MetaGravity Studios, the company behind Retro Arcade NFT Collection hosted on OpenSea, has inadvertently (we hope) linked the atrocious nature of Crypto and NFT scams with the whole-hearted, passionate world of retro game preservation.
Cryptocurrencies and NFTs are VERY new in this generation, and they cleverly link economics and technologies in ways our founding fathers could never have predicted. Unfortunately, when the new rich kid comes to town, everybody wants to be the first to take their share of his friendliness until there is nothing left to bear.
Crypto and NFT scams have gone haywire, and there seems to be no end in sight. Like a cancer of the body, it’s spreading into all industries, and today’s victim is retro game preservation.
Retro Arcade Collection, an entity on OpenSea “featuring an innovative new type of ‘SmartNFT’ on the Ethereum blockchain,” would be among the first known instances of ALLEGED crypto and NFT scams in the retro game preservation community.
They hold technology that allows the development and presentation of NFTs capable of playing video games straight from your browser. While this sounds like an absolutely fantastic advancement in NFT innovations, the games they decided to manipulate were of retro media they had no legal rights or permissions to use.
I’ll step outside of reporter mode for a second to admit that it doesn’t sound as “scammy” as you may think. This goes especially because MetaGravity Studios CEO Rashid Mansoor revealed that the video games were removed once they realized there were no rights or permissions. However, the scam comes in that NFTs can potentially take a lot of revenue from the media owners.
You don’t have to know a lot about NFTs and NFT scams to understand that it’s a very susceptible game. Simply participating makes you vulnerable to predatory attacks against your finances. While MetaGravity’s intent doesn’t seem malicious to investors, it is incredibly heinous from the perspective of the video game rights owners for a couple of reasons.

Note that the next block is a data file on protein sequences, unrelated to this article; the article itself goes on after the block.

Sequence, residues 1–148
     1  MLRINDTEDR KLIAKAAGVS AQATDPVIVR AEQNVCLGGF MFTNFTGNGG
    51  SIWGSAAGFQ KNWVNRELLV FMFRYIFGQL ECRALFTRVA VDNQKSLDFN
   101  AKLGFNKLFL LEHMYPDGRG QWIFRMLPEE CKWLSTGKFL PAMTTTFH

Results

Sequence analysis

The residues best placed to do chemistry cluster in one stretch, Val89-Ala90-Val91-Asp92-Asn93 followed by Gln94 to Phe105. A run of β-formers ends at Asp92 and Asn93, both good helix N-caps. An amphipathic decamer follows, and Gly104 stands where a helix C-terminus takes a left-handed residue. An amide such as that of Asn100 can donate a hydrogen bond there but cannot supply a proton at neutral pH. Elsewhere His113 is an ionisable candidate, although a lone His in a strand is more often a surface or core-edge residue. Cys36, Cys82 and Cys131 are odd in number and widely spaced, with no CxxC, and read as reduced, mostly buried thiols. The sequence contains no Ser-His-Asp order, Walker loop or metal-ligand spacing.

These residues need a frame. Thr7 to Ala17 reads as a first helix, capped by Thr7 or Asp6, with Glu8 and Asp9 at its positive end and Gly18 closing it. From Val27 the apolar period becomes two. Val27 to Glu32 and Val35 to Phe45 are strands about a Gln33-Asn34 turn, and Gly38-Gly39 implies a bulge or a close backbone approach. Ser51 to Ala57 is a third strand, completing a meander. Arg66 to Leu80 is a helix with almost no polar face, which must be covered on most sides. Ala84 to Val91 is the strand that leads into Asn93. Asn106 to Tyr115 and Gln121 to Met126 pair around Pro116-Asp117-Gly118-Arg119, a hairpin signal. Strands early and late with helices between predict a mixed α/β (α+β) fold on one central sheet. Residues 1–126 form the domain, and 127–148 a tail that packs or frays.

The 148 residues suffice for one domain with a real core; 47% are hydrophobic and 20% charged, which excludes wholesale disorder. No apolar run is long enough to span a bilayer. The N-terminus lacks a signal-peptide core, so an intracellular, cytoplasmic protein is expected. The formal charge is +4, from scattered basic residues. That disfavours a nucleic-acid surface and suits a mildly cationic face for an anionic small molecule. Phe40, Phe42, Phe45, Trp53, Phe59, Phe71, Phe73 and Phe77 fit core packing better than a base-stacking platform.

Firstly, the company describes these games with terms like “abandonware.” That insinuates the games represented in their NFTs were, at some point, abandoned by the owners, which isn’t always true. When using intellectual properties, rights should always be negotiated even if you believe the content or media was renounced.
Secondly, there are no “easily accessible” reports regarding the money they made from hosting those games on the blockchain. There’s also no note in Vice’s article on the topic of whether there will be retribution in favor of the content owners.
Whatever your position on the matter, this is your warning to be very careful when dealing with NFTs and potential NFT scams, even if the cause is one you may agree with. You never know when the project managers are dotting all of their i’s and crossing their t’s, and this case shows that MetaGravity may have ALLEGEDLY dropped the ball with this one.